Several weeks ago I tried a new snack from Costco called "Cashew Clusters" and became completely obsessed with it. It is amazingly and utterly delicious! They're these kind of granola chunks with cashews, pumpkin seeds and almonds in them. I decided to try to make a brittle using mostly the same ingredients, but added some dried cranberries as well to boost the healthiness of the candy. I had never made brittle before, so I was quite surprised at how long it took for the sugar mixture to reach the "hard crack" stage (almost an hour!). It turned out wonderfully and makes for a good candy that you don't have to feel guilty about eating, since it has a lot of vitamins aside from the sugar and honey. I decided to call it Autumn Brittle because the pumpkin seeds and dried cranberries seemed very fall-y to me, and autumn is my favorite season and I've been missing it as of late spending my time here in Los Angeles.
|¾||Cup Pumpkin Seeds|
|⅔||Cup Dried Cranberries|
|2||and ¼ Cups Granulated Sugar|
|¼||Cup Golden Brown Sugar|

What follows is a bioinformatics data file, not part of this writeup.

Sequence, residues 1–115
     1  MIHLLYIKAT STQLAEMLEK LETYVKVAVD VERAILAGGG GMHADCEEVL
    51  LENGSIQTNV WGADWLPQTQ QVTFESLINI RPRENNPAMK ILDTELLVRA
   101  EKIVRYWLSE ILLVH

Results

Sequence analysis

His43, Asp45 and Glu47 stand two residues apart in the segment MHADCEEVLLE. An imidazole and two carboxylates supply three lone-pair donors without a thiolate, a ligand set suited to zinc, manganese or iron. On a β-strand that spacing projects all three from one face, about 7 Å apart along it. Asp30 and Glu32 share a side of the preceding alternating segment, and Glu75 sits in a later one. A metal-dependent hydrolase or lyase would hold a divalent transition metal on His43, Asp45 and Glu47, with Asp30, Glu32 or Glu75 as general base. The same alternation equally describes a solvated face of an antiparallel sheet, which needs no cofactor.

Heat the sugars, honey, water and salt in a large pot over a low-medium flame. Use a pot that is larger than you would think necessary because when the mixture begins to boil it will foam up and increase in size. Stir every five minutes or so. Using a candy thermometer, continue to heat the mixture until it reaches a temperature of exactly 302 degrees Fahrenheit. This is very important because this is the temperature at which sugar hardens into a rock-like state after it cools. Pay close attention not to go very far above 302, otherwise you will burn the sugar. It can take up to an hour for the mixture to reach that high of a temperature, so don't get too worried if 15 minutes go by and the thermometer is still at 175. While the sugar mixture is boiling, place a sheet of parchment paper on top of a shallow pan, about 9 x 13 inches in width and length, and grease the parchment paper. Set aside. Once the sugar mixture reaches 302, immediately remove it from heat and stir in the butter, cashews, almonds, pumpkin seeds and dried cranberries until they're coated in the mixture. Immediately pour the mixture onto the parchment paper and spread it out into a large rectangle using a rubber spatula. Try to keep the surface relatively even and about 1 inch in height. Place the pan in the refrigerator and allow the brittle to cool for one hour. Once it has finished cooling, remove the sheet of brittle from the parchment paper and break the brittle into pieces using a meat tenderizer or clean hammer. Arrange the pieces on a serving platter and serve. Store excess brittle in a cool dry place.